The three time periods are interwoven in a tight, relevant way (someone will discover something in one time period, so there is an immediate flashback to an earlier one to show what happened to cause it. Simple, but effective). The ending also isn't quite the letdown that the EDAs always seemed in danger of specialising in ("it was the aliens from outside of time trying to break into our reality all along!" being the most common one and, to my mind, a total cop-out - cf. The Sleep of Reason and Reckless Engineering for two examples I've read in the past year that spring immediately to mind), with a genuinely unpleasant and genuinely surprising twist towards the end, which I didn't see coming at all but in retrospect the evidence seems obvious and well constructed. The book has a few nice touches - the paranoia of the Earth military due to a historically recent invasion by far superior alien forces being a nice one in particular (it's never explicitly stated, but given the story's late 22nd century setting it's got to be the Dalek invasion of Earth that they're talking about). Characterisation is strong throughout, with the 8th Doctor being particularly well captured and distinct from the 9th Doctor's print portrayals - he's sharp, brilliantly clever, spontaneous and given great feats of improvisation, but otherworldly with it and innocent in a way the 9th Doctor isn't. This book also has some good material for Anji, something that was all too often sadly lacking when she was a current companion. However, I found her thread lost it a bit towards the end, where a very Star Trek-style reset switch was hit. Admittedly in a PDA it's a hard thing to avoid without causing continuity errors with existing stories, but I have the nagging feeling that it could have been handled better than giving it the "it wasn't all a dream, but it might as well have been" treatment. Fitz is Fitz - I was never really all that keen on Fitz, finding him a bit too bland and blokeish all too often, but he's very recognisable here, though as he's been around in the EDAs seemingly forever it would probably be quite hard to characterise him badly these days simply by extreme familiarity with him. Besides the TARDIS crew the book also benefits from an extremely strong supporting cast of characters, all of whom are brilliantly realised and very believable. The changes that occur for some of them over the four years that the book spans are handled extremely well.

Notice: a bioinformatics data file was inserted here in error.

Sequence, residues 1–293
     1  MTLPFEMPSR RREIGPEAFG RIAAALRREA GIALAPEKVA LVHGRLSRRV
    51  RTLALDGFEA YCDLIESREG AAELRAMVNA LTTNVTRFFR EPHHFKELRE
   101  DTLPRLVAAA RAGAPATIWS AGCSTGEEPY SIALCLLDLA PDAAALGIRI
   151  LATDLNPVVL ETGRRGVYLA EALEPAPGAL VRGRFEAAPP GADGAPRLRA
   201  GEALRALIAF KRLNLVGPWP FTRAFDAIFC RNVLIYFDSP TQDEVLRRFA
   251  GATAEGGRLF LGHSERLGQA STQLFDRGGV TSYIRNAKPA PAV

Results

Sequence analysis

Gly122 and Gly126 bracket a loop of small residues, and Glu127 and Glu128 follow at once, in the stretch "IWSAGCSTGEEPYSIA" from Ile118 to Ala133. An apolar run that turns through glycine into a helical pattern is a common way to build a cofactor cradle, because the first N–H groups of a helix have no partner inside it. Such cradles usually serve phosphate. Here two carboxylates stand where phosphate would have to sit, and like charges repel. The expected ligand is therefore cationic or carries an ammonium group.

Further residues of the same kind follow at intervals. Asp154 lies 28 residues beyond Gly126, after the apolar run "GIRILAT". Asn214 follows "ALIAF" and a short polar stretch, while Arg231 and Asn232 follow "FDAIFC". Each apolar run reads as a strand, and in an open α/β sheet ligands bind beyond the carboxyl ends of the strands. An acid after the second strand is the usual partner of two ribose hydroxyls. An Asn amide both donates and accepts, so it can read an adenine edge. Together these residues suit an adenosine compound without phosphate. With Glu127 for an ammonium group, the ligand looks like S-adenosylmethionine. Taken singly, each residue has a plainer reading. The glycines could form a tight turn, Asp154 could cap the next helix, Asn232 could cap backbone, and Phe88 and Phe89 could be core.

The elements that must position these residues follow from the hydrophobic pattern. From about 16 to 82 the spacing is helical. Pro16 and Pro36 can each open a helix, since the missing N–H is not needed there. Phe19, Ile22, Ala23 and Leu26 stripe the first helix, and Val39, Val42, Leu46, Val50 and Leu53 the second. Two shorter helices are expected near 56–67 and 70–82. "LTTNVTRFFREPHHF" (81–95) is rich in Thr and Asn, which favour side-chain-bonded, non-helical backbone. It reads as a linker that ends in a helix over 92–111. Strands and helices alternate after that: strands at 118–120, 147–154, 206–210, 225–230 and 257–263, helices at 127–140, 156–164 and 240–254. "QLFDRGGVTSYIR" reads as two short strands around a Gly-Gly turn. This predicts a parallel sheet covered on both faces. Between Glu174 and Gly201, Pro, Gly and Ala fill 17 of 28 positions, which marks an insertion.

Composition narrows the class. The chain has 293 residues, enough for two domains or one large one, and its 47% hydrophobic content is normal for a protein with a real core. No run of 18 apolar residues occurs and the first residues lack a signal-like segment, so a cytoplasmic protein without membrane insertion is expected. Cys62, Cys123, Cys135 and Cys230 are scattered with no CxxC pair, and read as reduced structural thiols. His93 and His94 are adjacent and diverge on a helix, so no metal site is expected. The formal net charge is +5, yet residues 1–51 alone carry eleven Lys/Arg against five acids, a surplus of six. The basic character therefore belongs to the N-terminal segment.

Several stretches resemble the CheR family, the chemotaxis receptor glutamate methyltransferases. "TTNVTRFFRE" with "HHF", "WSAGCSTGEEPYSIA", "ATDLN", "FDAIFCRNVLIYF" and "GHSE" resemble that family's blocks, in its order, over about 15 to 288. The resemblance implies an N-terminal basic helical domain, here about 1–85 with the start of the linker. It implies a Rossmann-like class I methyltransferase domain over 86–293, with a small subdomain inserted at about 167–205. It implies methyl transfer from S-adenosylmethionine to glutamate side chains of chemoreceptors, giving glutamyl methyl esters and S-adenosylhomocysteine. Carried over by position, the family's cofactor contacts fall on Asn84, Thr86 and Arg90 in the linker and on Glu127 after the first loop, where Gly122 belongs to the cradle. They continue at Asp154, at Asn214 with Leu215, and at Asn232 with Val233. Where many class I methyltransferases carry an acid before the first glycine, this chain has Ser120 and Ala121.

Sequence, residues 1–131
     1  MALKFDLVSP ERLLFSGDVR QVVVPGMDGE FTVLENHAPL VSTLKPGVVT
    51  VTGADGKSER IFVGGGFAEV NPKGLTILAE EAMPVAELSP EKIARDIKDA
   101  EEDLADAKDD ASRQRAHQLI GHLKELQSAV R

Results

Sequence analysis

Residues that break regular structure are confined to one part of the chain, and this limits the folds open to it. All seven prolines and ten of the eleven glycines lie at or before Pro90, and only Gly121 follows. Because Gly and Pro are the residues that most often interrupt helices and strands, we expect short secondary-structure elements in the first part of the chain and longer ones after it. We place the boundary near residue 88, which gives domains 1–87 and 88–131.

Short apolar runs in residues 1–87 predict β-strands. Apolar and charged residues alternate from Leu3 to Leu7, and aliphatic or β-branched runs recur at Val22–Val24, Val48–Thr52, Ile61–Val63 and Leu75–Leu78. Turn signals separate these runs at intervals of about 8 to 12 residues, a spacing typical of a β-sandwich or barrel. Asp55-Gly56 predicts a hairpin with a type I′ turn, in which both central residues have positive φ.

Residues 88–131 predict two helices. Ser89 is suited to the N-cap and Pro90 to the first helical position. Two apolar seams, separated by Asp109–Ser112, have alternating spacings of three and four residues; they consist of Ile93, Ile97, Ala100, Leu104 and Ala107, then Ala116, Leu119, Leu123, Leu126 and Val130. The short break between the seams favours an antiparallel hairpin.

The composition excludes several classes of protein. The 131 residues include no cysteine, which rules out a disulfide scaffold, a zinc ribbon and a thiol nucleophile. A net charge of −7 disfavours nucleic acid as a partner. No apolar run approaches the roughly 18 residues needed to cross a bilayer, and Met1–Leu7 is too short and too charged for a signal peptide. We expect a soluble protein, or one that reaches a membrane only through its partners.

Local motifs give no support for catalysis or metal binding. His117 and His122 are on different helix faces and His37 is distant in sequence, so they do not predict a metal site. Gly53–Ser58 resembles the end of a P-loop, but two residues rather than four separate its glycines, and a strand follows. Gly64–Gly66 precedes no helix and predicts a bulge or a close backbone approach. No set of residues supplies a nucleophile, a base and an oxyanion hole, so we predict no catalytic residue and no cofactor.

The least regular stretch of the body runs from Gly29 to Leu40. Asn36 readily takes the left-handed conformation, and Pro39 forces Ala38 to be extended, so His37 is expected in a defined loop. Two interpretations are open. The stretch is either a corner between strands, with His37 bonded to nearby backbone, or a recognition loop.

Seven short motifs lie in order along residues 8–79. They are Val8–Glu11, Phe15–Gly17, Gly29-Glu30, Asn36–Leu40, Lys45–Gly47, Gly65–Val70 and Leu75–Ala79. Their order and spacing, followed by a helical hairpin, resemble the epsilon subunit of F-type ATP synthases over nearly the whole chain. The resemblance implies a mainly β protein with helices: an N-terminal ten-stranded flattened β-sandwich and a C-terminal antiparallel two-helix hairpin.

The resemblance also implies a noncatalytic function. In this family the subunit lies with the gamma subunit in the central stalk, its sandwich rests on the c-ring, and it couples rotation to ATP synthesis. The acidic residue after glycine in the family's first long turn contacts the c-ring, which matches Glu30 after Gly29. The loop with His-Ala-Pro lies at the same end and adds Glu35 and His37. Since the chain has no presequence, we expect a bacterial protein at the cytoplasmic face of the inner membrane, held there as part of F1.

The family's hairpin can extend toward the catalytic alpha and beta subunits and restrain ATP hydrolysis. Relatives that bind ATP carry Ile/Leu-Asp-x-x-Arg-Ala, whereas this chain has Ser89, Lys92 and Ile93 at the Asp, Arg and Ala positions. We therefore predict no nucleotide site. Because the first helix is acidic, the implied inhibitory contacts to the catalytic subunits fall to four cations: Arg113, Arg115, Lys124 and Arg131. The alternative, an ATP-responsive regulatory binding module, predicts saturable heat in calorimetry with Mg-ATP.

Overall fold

After suffering the first three NDAs, this book was a real breath of fresh air, and a good reminder of how enjoyable well-written Doctor Who fiction can be. It's much longer and more involving than the NDAs as well, with a complex but rewarding plot that couldn't work in the NDA's smaller, briefer format. I do disagree with DWM's claims that this is perhaps the very finest EDA ever written because that's obviously Alien Bodies and nothing will ever convince me otherwise short of finding out that Lawrence Miles is just a pen name for John Peel or Gary Russell, but it is certainly a good one, and it does a very good job of showing up the first three NDAs for the weak TV tie-ins that they are. Wonderful though the new series might be, I can't help but think that there still is a place for Doctor Who stories like this one - stories that in every way are "too broad and too deep for the small screen."
Review by Valedictorian